A performance measurement or standard that future activity can be measured against.
Benchmarking
(See Benchmark.) The process by which companies, following pre-established guidelines for disclosure, share best business practices with other companies. Generally focusing on one aspect of business (credit procedures, distribution procedures, etc.).
Benchmarking study
A study that identifies performance measurements and standards for a specific industry, product category, or other group, thereby allowing individual entities to compare their performance with peers.
Billboard
A large outdoor advertising display.
Billboarding
Creation of a large branded presence through a display or other in-store marketing vehicle.
Bin
A merchandiser that carries loose or bulk product. More commonly referred to as a "dump bin."
Black Friday
Considered to be the official start of the holiday selling season, the day after Thanksgiving.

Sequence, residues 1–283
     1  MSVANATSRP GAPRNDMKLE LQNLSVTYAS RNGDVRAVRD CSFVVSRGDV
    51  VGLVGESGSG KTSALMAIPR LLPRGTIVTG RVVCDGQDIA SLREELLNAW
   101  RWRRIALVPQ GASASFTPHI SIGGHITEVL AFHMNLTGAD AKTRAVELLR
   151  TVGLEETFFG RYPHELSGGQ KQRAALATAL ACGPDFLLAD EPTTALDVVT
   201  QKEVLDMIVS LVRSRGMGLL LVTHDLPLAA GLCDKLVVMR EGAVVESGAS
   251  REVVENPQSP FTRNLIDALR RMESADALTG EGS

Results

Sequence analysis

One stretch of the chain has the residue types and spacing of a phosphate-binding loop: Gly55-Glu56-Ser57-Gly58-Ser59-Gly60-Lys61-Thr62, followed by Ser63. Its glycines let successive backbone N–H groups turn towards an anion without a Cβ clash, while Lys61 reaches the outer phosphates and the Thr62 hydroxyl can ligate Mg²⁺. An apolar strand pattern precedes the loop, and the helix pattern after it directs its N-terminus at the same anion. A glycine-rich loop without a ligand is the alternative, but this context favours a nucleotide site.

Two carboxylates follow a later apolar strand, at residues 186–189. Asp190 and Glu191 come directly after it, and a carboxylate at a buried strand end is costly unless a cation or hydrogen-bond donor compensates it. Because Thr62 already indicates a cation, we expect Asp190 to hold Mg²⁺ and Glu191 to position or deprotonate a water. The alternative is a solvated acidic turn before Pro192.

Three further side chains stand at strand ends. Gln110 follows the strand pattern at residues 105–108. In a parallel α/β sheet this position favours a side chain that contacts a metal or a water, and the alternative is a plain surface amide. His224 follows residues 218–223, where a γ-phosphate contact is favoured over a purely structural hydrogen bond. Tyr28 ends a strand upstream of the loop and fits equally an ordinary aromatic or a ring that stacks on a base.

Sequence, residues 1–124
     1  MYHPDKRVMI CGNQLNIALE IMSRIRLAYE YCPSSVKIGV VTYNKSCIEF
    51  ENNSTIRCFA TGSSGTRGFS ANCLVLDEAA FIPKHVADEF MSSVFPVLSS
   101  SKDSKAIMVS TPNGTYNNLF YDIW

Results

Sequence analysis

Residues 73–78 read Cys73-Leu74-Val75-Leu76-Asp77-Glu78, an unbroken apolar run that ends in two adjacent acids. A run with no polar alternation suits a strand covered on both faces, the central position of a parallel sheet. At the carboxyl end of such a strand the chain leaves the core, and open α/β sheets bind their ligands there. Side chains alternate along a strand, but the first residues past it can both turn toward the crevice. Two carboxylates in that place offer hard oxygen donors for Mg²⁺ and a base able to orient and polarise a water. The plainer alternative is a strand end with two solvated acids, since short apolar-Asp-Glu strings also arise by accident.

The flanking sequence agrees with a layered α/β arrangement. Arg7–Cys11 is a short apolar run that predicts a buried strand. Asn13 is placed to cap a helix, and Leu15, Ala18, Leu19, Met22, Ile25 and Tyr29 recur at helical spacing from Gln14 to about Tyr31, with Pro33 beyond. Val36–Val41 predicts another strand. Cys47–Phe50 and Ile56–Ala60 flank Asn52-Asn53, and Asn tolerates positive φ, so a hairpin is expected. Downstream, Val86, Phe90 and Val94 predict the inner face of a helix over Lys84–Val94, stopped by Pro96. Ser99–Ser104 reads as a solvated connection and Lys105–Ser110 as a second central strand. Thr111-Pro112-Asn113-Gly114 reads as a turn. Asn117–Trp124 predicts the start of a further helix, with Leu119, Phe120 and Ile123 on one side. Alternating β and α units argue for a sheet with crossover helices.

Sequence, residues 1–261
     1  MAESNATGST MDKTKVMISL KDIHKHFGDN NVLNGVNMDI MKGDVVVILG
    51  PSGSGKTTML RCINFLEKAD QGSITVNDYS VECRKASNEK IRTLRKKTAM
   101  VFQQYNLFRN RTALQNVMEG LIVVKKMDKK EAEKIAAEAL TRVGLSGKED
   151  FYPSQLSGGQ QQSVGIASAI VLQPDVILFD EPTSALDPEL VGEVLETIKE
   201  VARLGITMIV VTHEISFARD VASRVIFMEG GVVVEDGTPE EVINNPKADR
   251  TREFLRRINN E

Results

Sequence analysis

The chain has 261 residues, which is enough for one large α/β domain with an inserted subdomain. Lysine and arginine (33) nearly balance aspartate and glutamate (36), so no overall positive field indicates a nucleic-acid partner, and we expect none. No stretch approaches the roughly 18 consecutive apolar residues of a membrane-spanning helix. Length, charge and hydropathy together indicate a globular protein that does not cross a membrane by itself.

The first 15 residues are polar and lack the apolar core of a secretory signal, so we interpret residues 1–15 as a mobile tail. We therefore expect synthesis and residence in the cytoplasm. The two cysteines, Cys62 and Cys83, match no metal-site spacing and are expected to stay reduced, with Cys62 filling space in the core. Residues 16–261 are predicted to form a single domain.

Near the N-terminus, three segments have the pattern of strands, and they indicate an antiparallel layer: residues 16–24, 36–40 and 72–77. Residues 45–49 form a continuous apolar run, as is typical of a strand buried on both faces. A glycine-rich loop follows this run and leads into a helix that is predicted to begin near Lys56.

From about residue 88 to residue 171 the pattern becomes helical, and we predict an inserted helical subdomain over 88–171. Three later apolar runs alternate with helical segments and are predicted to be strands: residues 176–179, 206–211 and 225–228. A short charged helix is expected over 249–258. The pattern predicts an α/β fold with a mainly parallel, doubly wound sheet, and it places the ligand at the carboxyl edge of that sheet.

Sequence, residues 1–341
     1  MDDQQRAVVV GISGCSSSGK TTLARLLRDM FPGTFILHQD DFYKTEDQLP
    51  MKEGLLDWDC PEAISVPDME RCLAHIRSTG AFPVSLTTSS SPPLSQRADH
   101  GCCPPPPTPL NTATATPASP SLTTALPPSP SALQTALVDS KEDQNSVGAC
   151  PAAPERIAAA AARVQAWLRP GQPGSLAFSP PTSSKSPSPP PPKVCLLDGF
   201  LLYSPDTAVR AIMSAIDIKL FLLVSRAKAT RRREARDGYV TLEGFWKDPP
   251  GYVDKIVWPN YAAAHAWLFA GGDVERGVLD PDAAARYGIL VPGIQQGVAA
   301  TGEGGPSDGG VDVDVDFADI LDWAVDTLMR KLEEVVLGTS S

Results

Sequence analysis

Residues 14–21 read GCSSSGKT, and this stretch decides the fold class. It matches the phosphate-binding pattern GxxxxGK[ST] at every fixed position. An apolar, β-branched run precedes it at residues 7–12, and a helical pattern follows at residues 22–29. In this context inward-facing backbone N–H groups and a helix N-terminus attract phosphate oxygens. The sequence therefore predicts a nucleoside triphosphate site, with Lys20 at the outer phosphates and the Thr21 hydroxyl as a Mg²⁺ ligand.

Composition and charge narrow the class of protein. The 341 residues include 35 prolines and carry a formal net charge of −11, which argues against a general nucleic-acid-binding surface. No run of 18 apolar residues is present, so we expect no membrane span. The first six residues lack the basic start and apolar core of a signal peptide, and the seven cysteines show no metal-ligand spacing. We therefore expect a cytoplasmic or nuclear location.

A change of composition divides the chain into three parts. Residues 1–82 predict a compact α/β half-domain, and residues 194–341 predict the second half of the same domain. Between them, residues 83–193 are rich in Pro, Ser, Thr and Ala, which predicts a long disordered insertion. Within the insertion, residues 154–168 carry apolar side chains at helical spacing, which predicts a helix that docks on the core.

Blister pack
A package with a translucent, molded plastic casing that covers a product and is attached to a piece of cardstock or other durable substrate.
Blitz
A coordinated, rapid rollout of a marketing program.
Body copy
Informational text on a display or promotional piece; smaller in size compared with a headline or subhead callout copy.
BOGO
Abbreviation for a "buy-one-get-one" offer, a type of price promotion in which the shopper gets a second (or third) item at special discount with purchase of the first. Often used to denote a "buy-one-get-one free" offer, which technically is a BOGOF.
Bonus pack
A special package that contains additional product at no extra cost.
Borrowed interest promotion
A promotion that leverages the recognition and impact of a well-known event or personality to gain shoppers' attention.
Bottle glorifier
This display highlights a single bottle or bottles of liquor, wine or beer, often placed behind the counter in bars, restaurants and pubs. Many feature illumination and graphics to draw attention and generate trial of the product among bar patrons. See also Backbar display.
Bottle hanger
Also called a "neck hanger." An ad sign or tag that hangs around the neck of a bottle. Largely seen in the wine and liquor industry.
Bottle pourer
A branded plastic or metal piece that fits over the top of a liquor bottle. Usually limits pouring.
Brand
The trademarked name of a product or group of products.
Brand affinity
The goodwill that a brand has established among consumers.